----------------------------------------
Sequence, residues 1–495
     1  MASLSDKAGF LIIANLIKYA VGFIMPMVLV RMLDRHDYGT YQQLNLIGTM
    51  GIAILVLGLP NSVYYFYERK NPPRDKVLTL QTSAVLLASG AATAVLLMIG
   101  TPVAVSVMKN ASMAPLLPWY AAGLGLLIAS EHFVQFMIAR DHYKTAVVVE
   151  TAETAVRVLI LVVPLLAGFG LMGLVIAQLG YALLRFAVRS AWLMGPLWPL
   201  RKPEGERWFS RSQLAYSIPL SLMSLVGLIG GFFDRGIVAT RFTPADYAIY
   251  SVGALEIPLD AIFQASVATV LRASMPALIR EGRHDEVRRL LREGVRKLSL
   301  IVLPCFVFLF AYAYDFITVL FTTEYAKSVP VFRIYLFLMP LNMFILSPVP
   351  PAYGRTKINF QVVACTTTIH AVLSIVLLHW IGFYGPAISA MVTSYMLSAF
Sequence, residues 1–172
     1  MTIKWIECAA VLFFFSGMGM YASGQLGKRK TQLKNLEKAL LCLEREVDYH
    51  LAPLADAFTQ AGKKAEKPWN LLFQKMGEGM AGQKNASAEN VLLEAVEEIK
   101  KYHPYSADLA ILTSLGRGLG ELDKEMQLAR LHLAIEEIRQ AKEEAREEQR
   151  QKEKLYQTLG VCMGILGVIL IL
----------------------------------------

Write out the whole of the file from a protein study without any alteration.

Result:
Sequence, residues 1–495
     1  MASLSDKAGF LIIANLIKYA VGFIMPMVLV RMLDRHDYGT YQQLNLIGTM
    51  GIAILVLGLP NSVYYFYERK NPPRDKVLTL QTSAVLLASG AATAVLLMIG
   101  TPVAVSVMKN ASMAPLLPWY AAGLGLLIAS EHFVQFMIAR DHYKTAVVVE
   151  TAETAVRVLI LVVPLLAGFG LMGLVIAQLG YALLRFAVRS AWLMGPLWPL
   201  RKPEGERWFS RSQLAYSIPL SLMSLVGLIG GFFDRGIVAT RFTPADYAIY
   251  SVGALEIPLD AIFQASVATV LRASMPALIR EGRHDEVRRL LREGVRKLSL
   301  IVLPCFVFLF AYAYDFITVL FTTEYAKSVP VFRIYLFLMP LNMFILSPVP
   351  PAYGRTKINF QVVACTTTIH AVLSIVLLHW IGFYGPAISA MVTSYMLSAF
Sequence, residues 1–172
     1  MTIKWIECAA VLFFFSGMGM YASGQLGKRK TQLKNLEKAL LCLEREVDYH
    51  LAPLADAFTQ AGKKAEKPWN LLFQKMGEGM AGQKNASAEN VLLEAVEEIK
   101  KYHPYSADLA ILTSLGRGLG ELDKEMQLAR LHLAIEEIRQ AKEEAREEQR
   151  QKEKLYQTLG VCMGILGVIL IL